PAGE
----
MASC performing drive-in play

Pictured, back row, from left, are the cast and crew of Monroe County Actors Stage Company’s production of “Merely Players,” Hannah Sochowski, Ethan Elllis and Reagan Posey; middle row: Stacey Tunnicliff, Jim Bradley, Joey Franks II and Seth Acock; front row: Matt Dossett and Amber Dillard. 

Entertainment options have been severely limited by the novel coronavirus pandemic, but a Monroe County favorite is returning in a new form the next two weekends. 

Monroe County Actors Stage Company is performing a play entitled “Merely Players” this and next Friday and Saturday at the Gibault Catholic High School parking lot using a drive-in format. 

This is the group’s first show this year. 

“We knew from the beginning that this was going to be some sort of virtual, hybrid or both show,” said director Matt Dossett. “It evolved into the drive-in theater, which I think is more fun.” 

The performances are free, but MASC will be accepting donations. 

Dossett said the organization hopes to make some money from this show because it has not been able to in 2020, instead turning to a couple other fundraisers to make ends meet. 

“It’s to the point now that we need to make money,” he said. “We’re losing money rather than retaining at this point. We’re hoping to recoup some of our losses.” 

Written by Dossett’s uncle, a Belleville native, “Merely Players” is conducive to providing a safe option for patrons and MASC members during the pandemic.

Dossett noted the set is mainly just three folding chairs and only three people are ever on stage simultaneously. The whole cast is five individuals. 

“We’re working on a smaller scale all around,” he explained. “The figurative nature of the show helps with the ease of doing it now, especially.” 

The play tells the story of two men who go to a local theater to watch a show, but soon realize they have gotten more than they bargained for. Other people and surprises pop up throughout the narrative. 

The cast and crew has also done its best to remain safe while rehearsing, working outside at Dossett’s house or at Hopskeller Brewing Company in downtown Waterloo while maintaining social distancing like they will during the performances.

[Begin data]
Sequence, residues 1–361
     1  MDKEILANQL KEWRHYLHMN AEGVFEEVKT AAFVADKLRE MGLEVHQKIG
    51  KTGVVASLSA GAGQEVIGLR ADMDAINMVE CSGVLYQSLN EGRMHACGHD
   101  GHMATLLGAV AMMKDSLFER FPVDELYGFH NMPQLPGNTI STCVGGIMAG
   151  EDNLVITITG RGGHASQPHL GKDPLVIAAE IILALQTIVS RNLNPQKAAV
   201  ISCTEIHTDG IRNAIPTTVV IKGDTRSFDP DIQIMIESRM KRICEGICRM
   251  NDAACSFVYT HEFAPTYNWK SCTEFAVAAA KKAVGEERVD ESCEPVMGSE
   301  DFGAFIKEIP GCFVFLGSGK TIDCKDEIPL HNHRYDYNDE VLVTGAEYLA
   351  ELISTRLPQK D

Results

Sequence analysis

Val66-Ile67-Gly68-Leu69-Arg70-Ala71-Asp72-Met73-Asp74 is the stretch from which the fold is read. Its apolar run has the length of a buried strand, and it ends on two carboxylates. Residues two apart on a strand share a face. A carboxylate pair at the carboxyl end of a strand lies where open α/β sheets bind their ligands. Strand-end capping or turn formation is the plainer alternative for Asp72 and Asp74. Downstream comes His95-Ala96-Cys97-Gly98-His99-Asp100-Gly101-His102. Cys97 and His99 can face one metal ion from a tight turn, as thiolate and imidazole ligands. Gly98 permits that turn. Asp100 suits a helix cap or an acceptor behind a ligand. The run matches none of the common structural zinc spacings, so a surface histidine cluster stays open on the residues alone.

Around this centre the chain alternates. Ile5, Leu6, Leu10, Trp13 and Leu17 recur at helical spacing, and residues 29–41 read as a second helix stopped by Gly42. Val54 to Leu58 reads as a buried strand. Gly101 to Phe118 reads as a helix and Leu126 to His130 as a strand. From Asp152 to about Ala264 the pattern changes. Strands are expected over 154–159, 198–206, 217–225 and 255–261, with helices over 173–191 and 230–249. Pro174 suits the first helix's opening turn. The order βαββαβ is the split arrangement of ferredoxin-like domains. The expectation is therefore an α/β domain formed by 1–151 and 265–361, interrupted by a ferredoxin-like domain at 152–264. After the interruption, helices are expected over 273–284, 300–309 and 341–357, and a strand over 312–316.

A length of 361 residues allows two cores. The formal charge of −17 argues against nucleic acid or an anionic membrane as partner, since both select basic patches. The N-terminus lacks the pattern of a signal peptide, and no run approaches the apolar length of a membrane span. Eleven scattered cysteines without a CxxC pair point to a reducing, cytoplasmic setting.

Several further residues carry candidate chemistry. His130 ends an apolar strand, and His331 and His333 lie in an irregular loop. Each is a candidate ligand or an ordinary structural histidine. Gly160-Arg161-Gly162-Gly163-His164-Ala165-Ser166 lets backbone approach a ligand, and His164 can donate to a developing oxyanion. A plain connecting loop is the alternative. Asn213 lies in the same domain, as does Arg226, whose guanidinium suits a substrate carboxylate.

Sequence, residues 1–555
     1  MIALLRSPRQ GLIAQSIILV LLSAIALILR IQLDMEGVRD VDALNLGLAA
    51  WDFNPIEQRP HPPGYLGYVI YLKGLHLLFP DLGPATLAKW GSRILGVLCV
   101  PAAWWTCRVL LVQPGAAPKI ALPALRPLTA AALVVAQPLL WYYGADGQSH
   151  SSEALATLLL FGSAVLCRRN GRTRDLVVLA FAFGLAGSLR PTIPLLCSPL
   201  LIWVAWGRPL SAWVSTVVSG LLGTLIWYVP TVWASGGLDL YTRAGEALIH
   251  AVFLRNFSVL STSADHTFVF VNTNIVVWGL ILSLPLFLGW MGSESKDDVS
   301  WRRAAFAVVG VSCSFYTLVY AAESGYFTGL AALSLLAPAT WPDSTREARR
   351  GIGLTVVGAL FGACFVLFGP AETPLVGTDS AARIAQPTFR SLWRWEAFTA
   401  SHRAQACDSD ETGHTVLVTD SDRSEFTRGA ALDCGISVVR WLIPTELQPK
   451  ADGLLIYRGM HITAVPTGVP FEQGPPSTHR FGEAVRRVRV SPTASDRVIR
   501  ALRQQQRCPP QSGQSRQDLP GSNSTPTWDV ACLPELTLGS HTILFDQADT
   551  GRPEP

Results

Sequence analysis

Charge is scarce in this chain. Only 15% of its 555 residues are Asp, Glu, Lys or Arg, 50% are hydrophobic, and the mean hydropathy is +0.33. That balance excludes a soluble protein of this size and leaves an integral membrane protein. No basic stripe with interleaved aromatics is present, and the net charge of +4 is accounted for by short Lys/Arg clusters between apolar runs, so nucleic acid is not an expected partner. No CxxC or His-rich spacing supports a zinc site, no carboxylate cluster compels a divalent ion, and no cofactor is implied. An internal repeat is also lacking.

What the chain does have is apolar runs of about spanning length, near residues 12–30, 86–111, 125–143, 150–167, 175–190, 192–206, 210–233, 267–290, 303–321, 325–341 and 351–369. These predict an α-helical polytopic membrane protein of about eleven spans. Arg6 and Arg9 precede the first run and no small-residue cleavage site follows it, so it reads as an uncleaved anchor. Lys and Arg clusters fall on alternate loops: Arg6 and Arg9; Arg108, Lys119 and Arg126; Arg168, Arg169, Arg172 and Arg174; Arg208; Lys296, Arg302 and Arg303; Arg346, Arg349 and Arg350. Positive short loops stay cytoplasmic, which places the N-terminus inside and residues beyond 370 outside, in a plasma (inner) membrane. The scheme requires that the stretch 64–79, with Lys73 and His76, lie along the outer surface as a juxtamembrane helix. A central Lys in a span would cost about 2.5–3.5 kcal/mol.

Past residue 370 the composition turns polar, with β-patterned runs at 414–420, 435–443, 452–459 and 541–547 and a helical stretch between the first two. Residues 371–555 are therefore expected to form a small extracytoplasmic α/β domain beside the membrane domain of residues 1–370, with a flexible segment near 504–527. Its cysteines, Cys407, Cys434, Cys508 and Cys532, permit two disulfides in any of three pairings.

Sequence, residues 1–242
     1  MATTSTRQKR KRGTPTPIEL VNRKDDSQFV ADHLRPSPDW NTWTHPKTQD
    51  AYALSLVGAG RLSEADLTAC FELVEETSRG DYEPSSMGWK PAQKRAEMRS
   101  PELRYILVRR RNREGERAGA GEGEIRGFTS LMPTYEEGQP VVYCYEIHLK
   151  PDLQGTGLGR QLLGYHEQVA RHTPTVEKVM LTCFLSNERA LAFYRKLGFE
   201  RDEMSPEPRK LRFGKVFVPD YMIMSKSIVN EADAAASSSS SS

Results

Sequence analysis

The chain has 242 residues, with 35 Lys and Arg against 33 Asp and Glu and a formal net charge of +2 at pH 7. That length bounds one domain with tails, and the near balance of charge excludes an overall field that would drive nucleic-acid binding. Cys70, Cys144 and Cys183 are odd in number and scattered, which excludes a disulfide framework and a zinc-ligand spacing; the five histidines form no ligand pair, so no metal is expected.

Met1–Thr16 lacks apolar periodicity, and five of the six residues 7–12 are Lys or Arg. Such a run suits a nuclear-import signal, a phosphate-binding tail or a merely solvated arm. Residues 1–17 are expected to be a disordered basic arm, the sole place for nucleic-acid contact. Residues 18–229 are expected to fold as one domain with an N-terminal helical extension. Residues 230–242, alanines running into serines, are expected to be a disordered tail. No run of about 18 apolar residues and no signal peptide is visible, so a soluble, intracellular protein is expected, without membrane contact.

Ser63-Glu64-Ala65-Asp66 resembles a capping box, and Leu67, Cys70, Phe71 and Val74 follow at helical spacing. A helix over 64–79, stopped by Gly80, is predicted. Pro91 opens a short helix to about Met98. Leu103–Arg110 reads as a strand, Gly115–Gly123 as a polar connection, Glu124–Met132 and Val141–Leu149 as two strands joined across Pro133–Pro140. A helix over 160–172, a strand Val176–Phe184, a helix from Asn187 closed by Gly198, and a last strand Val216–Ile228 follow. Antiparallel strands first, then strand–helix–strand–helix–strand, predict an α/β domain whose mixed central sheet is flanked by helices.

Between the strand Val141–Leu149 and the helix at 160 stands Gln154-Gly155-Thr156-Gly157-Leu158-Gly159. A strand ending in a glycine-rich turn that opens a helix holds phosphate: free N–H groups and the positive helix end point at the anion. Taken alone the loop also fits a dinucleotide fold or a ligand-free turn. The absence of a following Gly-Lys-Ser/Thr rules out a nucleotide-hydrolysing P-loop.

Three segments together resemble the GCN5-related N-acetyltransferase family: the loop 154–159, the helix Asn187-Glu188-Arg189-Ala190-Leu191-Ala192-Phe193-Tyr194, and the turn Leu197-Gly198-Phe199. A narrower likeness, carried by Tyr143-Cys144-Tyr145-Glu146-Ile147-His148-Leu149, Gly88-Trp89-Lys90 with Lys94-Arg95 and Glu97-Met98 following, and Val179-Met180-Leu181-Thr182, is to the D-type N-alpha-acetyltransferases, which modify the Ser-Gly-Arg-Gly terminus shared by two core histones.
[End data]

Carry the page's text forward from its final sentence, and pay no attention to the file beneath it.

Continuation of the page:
Knowing the show will be outdoors, Dossett specifically wanted to take his cast to a populated area so they could practice performing in a space like that. 

“That’s why we started going to Hopskeller — so they would have to project over cars going by, people talking, dogs barking, things like that,” Dossett said. “We also learned they would have to be a little bigger than they are supposed to be with this show. It’s supposed to be minute hand movements and gestures, and we’ve had to turn it into Broadway theater style where everything is huge.” 

With sound played over the audience members’ radios and a plan to have a large projection screen, Dossett said people should not have trouble enjoying the show. 

But he acknowledged there may be some hiccups, noting preparations for the show have had their share of stops and starts – including going through three full casts. 

Dossett remained confident, however, that this show is one audiences will enjoy. 

“It starts off funny, there are moments of suspense, there are moments when you are angry and there are moments where you are tearing up,” he said. “It’s the story of two men realizing something that all of us could really learn from, and that’s what makes it fun.” 

Showtime starts at 7:55 p.m. Oct. 16-17 and 23-24. Call 939-7469 to reserve a spot. 

For more information or to make a donation ahead of time, visit 

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James Moss

James is an alumni of Southern Illinois University Edwardsville where he graduated summa cum laude with degrees in mass communications and applied communications studies. While in school, he interned at two newspapers and worked at a local grocery store to pay for his education. When not working for the Republic-Times, he enjoys watching movies, reading, playing video games and spending time with his friends.
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